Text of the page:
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Challenges to Integrating VR into your Health IT System

From providing calming virtual environments for Alzheimer’s patients to assisting in the physical recovery of trauma patients, VR systems are changing healthcare for the better. But despite the huge potential for VR to reshape the way medicine is practised, there are several challenges developers will need to tackle before the healthcare sector can integrate it seamlessly. So, what are the core challenges for healthcare providers looking to adopt VR technology?

Accurate Models for Immersive Environments

While the potential for realistic graphics within VR Systems continues to grow, the current level of realism isn’t quite ready for expanded uses. The graphics of current virtual environments may be appropriate for a fantastical space to calm or engage a dementia patient but is nowhere near the level of immersive realism required for many real-world applications. Just imagine a surgeon attempting a complex invasive surgery using VR without an accurate depiction of the human body!

VR systems need to be integrated with a host of other stand-alone operations including accurate modelling of physics, sound, temperature and so on. Without these simulators, the virtual space is simply not immersive enough to make it worth investing in. The addition of these more immersive systems also means even greater data and processing demands, an area that’s already a key challenge for VR developers.

Fine Motor Control and Integration of Existing Tools

The capabilities of current consumer VR controllers are still limited by their ability to accurately mimic motor control. While the current specificity of movement within a virtual space is not a hindrance to patients exploring a virtual landscape, a much higher level of accuracy is required for more precise activities. The shape and usability of these controllers at the consumer level are still very similar to video game gamepads, lacking the specificity required in the tools of a surgeon or engineer.

Moreover, surgical scenarios require the system to have haptic feedback with immediate response times to provide a surgeon with all the data they require if they were in a real world surgical practice. At present, medical staff would need to be retrained in how to use the VR interface to produce a similar result in the real world. Instead, these VR controllers need to be developed to accurately feel like their real-world counterparts in both weight and physical operation. In other words, the VR system must be not just useful, but equal or better in delivering an accurate virtual environment to make it worthwhile for the medical practitioner.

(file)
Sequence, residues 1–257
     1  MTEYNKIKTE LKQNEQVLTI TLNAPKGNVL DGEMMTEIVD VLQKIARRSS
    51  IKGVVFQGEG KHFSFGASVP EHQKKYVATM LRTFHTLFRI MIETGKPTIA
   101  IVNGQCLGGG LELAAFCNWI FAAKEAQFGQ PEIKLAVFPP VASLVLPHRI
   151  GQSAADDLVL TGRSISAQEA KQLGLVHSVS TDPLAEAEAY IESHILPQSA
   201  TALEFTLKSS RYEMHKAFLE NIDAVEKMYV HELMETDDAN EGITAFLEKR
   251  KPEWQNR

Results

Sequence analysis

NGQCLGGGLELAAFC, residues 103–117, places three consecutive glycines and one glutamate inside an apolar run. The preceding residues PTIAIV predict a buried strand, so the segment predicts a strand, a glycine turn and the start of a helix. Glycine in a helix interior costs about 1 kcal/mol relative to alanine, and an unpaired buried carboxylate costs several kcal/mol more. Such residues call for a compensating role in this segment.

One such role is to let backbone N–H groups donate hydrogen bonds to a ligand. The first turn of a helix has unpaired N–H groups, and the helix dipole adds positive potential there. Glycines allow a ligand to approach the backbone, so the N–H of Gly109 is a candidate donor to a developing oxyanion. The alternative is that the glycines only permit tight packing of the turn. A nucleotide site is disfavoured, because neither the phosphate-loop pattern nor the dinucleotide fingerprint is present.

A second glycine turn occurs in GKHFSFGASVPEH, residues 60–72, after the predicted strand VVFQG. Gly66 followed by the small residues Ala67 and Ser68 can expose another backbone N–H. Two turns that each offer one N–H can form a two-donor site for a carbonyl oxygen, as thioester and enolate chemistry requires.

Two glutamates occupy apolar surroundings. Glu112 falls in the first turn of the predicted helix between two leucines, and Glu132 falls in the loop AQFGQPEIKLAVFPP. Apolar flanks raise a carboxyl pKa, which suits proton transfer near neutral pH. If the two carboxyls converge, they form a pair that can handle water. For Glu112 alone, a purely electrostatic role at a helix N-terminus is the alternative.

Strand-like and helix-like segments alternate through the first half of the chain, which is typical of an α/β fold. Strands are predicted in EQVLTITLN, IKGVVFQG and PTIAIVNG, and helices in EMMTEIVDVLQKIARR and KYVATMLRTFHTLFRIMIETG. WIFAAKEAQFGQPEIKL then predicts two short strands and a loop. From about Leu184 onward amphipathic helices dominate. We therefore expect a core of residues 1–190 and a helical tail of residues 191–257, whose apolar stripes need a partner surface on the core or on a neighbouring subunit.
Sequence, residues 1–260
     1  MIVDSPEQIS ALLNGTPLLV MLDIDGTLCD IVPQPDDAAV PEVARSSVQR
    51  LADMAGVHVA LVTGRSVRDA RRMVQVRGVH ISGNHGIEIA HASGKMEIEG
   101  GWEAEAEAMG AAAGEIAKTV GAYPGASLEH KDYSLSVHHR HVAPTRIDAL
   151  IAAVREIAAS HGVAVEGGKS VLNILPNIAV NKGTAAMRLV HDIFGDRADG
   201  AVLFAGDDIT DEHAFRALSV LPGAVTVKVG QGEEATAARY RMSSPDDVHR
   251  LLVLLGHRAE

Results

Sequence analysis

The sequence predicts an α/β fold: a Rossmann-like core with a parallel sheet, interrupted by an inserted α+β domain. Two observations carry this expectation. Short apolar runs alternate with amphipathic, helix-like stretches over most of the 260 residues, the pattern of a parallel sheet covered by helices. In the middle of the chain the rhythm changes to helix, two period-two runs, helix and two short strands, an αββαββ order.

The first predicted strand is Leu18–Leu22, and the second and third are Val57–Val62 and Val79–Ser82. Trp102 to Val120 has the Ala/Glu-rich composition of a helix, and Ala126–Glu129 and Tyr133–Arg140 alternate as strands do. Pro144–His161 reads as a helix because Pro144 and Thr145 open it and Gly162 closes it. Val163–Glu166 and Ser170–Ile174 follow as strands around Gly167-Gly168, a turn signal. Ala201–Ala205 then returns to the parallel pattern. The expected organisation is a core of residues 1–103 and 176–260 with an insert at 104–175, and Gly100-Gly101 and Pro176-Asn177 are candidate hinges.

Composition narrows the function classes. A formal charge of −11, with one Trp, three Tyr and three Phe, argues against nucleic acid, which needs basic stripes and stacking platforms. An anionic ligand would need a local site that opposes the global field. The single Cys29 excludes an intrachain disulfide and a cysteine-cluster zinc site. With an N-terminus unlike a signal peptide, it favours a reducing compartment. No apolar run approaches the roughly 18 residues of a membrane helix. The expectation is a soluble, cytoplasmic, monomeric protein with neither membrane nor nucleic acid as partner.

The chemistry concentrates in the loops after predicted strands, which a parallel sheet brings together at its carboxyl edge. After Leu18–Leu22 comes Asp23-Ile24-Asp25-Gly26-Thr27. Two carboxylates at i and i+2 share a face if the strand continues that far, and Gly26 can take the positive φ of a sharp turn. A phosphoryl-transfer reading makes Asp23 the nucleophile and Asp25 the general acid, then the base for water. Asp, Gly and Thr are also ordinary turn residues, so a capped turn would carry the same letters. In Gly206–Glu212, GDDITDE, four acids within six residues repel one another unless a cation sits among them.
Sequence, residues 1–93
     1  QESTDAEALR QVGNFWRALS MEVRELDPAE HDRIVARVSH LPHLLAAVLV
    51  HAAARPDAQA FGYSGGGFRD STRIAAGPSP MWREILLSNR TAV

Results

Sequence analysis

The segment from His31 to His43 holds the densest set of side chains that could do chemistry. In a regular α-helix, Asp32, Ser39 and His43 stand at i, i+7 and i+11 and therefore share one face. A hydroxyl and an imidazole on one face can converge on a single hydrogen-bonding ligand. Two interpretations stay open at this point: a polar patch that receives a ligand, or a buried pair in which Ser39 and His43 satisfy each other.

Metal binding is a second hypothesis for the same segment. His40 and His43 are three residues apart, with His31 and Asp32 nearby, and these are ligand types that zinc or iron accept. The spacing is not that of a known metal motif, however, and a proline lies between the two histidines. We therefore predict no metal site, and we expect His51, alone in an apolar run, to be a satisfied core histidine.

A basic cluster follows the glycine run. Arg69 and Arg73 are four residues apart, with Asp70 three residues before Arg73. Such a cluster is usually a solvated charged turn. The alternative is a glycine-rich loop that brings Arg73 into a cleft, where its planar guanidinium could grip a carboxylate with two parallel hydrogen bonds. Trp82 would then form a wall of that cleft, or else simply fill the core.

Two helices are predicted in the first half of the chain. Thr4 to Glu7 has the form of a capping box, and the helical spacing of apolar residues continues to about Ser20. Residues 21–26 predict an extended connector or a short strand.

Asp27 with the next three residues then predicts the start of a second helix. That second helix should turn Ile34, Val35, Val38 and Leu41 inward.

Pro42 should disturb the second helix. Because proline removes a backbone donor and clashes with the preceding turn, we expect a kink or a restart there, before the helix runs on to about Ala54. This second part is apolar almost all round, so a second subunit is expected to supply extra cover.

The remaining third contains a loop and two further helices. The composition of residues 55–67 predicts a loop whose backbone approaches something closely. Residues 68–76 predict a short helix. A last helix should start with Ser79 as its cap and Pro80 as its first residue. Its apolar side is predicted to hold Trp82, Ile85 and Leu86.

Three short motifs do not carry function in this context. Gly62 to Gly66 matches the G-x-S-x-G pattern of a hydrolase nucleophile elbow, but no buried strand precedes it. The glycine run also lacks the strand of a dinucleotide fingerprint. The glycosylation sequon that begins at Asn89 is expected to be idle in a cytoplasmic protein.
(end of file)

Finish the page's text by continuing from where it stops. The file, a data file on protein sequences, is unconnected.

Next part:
Computing Requirements

Only 1% of the 1.4 billion computers in the world can support the current processing requirements of VR systems. Not only does this suggest that healthcare computers will need to be upgraded with high-performance video cards and processors, but these upgrades will have to continue as the technology becomes more advanced. These items are already set to cost providers between $300-$500 per item; a substantial investment to roll out for even one facility.

Why such high processing requirements? Without this, the delay in what the user sees in their display creates a sensation akin motion sickness and potentially numerous other side effects. Eliminating this lag in the user’s display is a key challenge for VR developers towards greater use in the healthcare sector. As further processes become integral to VR systems like the calculation of physics, sound and temperature, this will put even greater strain on both the processing speeds and transfer of data required by the facilities IT framework.

Vita Enterprise Solutions: Solis

As VR systems continue to develop and be integrated with other technologies like bio-feedback and superior processing speeds, the potential for VR to change the way healthcare is delivered can only grow. Healthcare providers who adopt the technology early in its development will benefit most by laying the necessary IT framework for further VR improvements and acclimatising staff and patients much earlier.

Vita Enterprise Solutions is ready to meet these challenges and is excited to provide healthcare solutions utilising VR technologies. Through our partnership with BuildVR, we can facilitate VR systems like Solis for your facility. Solis is a virtual reality hardware and software package that provides dementia patients with a truly immersive experience to improve their quality of life. Solis is an all-inclusive, ready-to-go package, including a Samsung device and headset.  Talk to one of our trained professionals on how Solis and VR systems can benefit the well-being of your patients on 1300 139 310 or enquire online today.

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